Lichens and flowering plants | Rectory Lane Cemetery, Berkhamsted

Rectory Lane Cemetery, Berkhamsted

Lichens and flowering plants

During the spring and summer months the site is mowed, but with different areas in rotation left to grow to flower and seed and care is taken over the whole site to leave areas of flower uncut.  Our aim is to encourage further diversity of flora.


Lichen covers a Victorian headstone in Rectory Lane

Churchyards and cemeteries are extremely important in supporting rare species of lichen. Lichen (pronounced like-en) are types of fungus that grow on stonework, forming mosaics of colour, adding to the character of ancient monuments. Delicate organisms, they draw all their nutrients from rainwater and the air, and so are very susceptible to pollution.

Here in Rectory Lane Cemetery we have recorded over 70 types of lichen, and we are working with conservation organisations to study and enhance this rare lichen habitat.



Cowslips grow among the headstones

Appearing in early spring, cowslips brighten the cemetery with hundreds of small, egg-yolk-yellow flowers blooming among the headstones. The wild cowslip (Primula veris) is in the same botanical family as the primula.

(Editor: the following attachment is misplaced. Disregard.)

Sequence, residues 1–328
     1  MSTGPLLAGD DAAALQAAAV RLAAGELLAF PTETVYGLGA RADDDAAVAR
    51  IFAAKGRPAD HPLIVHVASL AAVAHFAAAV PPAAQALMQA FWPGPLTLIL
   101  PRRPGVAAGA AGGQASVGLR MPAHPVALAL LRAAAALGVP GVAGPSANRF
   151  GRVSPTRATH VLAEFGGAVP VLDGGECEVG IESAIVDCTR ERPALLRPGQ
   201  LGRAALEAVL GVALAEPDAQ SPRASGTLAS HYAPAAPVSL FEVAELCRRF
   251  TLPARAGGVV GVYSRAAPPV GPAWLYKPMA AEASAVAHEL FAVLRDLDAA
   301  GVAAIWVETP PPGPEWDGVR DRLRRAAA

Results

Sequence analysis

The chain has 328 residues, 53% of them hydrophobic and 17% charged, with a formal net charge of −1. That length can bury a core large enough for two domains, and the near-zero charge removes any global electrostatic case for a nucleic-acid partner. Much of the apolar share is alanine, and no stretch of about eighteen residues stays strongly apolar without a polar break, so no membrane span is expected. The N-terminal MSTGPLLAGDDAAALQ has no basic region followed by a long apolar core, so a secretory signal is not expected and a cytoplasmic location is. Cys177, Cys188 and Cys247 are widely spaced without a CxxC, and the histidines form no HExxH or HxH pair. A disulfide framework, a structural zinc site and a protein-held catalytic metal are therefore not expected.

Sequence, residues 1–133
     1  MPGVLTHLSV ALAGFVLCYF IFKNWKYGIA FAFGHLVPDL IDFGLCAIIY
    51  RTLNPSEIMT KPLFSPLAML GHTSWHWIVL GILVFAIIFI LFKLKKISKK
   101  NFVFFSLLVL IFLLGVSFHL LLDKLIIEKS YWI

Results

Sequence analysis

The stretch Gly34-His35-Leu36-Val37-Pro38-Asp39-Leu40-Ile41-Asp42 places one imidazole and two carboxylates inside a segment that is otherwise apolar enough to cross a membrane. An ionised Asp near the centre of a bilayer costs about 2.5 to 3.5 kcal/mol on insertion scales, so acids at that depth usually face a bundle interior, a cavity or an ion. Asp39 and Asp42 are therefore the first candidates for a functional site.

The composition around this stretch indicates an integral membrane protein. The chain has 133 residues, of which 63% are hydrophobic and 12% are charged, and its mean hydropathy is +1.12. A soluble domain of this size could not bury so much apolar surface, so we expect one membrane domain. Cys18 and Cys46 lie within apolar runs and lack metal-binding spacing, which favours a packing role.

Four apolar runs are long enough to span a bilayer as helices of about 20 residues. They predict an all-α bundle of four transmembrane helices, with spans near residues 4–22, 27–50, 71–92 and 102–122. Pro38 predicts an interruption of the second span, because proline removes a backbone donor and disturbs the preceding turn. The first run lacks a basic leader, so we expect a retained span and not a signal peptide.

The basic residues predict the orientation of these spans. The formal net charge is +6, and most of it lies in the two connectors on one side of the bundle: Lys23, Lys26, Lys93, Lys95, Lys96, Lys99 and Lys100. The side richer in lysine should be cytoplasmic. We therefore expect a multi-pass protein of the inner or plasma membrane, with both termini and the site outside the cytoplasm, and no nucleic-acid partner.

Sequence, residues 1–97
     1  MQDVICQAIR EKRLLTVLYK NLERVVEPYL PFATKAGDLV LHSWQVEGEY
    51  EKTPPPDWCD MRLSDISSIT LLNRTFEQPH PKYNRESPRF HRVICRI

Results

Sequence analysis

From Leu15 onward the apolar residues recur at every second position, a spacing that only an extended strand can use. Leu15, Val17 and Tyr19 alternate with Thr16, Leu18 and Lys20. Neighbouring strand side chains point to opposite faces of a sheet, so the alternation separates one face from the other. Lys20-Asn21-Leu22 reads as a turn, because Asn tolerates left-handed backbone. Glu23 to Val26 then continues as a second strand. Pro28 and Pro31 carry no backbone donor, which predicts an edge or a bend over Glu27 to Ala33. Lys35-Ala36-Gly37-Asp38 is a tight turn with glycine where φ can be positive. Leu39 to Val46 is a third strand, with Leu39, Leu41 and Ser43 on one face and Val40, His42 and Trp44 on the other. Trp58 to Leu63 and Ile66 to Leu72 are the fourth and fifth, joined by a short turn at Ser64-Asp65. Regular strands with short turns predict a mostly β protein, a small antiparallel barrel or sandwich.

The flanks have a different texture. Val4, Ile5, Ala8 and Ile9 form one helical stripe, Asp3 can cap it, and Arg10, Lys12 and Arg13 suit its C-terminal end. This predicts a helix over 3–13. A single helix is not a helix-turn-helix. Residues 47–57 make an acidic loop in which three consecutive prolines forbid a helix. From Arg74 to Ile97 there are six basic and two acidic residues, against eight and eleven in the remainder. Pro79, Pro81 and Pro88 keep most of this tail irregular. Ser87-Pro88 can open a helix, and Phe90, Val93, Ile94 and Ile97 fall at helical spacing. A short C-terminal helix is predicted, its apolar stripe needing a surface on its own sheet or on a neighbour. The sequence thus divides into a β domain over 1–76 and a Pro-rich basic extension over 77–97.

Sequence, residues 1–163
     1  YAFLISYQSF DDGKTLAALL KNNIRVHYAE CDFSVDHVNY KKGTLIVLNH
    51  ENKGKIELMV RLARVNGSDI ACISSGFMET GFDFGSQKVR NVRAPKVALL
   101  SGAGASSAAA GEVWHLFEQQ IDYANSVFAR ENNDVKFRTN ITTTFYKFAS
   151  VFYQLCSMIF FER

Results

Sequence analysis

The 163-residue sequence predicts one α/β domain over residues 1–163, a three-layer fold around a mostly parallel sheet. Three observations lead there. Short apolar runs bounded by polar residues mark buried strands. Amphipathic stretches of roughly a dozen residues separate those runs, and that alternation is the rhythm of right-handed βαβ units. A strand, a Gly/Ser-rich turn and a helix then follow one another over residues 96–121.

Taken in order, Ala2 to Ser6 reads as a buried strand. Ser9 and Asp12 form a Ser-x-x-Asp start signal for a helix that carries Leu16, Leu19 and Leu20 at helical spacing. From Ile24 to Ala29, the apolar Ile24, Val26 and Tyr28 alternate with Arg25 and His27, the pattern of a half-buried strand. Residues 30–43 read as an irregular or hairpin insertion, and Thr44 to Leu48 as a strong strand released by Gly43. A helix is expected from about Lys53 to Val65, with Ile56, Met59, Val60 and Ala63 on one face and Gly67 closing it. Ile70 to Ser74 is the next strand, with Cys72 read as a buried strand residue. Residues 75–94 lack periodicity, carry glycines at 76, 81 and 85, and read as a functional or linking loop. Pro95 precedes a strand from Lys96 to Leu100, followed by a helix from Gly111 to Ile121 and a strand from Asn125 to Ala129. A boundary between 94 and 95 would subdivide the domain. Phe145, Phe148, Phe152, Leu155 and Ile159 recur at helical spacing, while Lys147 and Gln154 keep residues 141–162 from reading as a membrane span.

Cowslips are seen all over the Chilterns and grow across northern Europe, appearing in meadows, ancient woodlands and hedgerows. Years ago, it was common to see fields covered in bright yellow cowslips, but these habitats are increasingly threatened. Rectory Lane Cemetery plays a small but vital part in encouraging these flowers to thrive.

The Cowslip has strong associations with English literature, folklore and druidic traditions; they used to be scattered like confetti at weddings, and they are traditionally used to make garlands for May Day celebrations. Cowslips are mentioned in Shakespeare’s plays; in A Midsummer Night’s Dream they are adorned with dewdrops for Titania the Fairy Queen, and in The Tempest, Ariel sings of lying in a cowslip’s bell.




Ragwort (Senecio jacobaea) is a tall, common wildflower. It is a biennial (living two years and flowering in its second year) which sprouts clusters of yellow daisy-like flowers in late summer and autumn. 

Although it is very pretty, ragwort is very poisonous to cattle and horses. Because its seeds are spread by the wind, it is important to control ragwort in the cemetery, in line with the Ragwort Control Act 2003.


Other flowering plants

Other flowering plants found in the cemetery:

  • Cuckooflower
  • Germander Speedwell
  • Red Clover
  • Oxeye Daisy
  • White Clover
  • Selfheal
  • Yarrow
  • Slender Speedwell
  • Wood Sorrel
  • Primrose
  • Hazel
  • Field Rose
  • Fox and Cubs
  • Common Dog-violet
  • Cow parsley


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Further Reading

For more information please contact

photo of Kate Campbell

 Kate Campbell

       07866 024254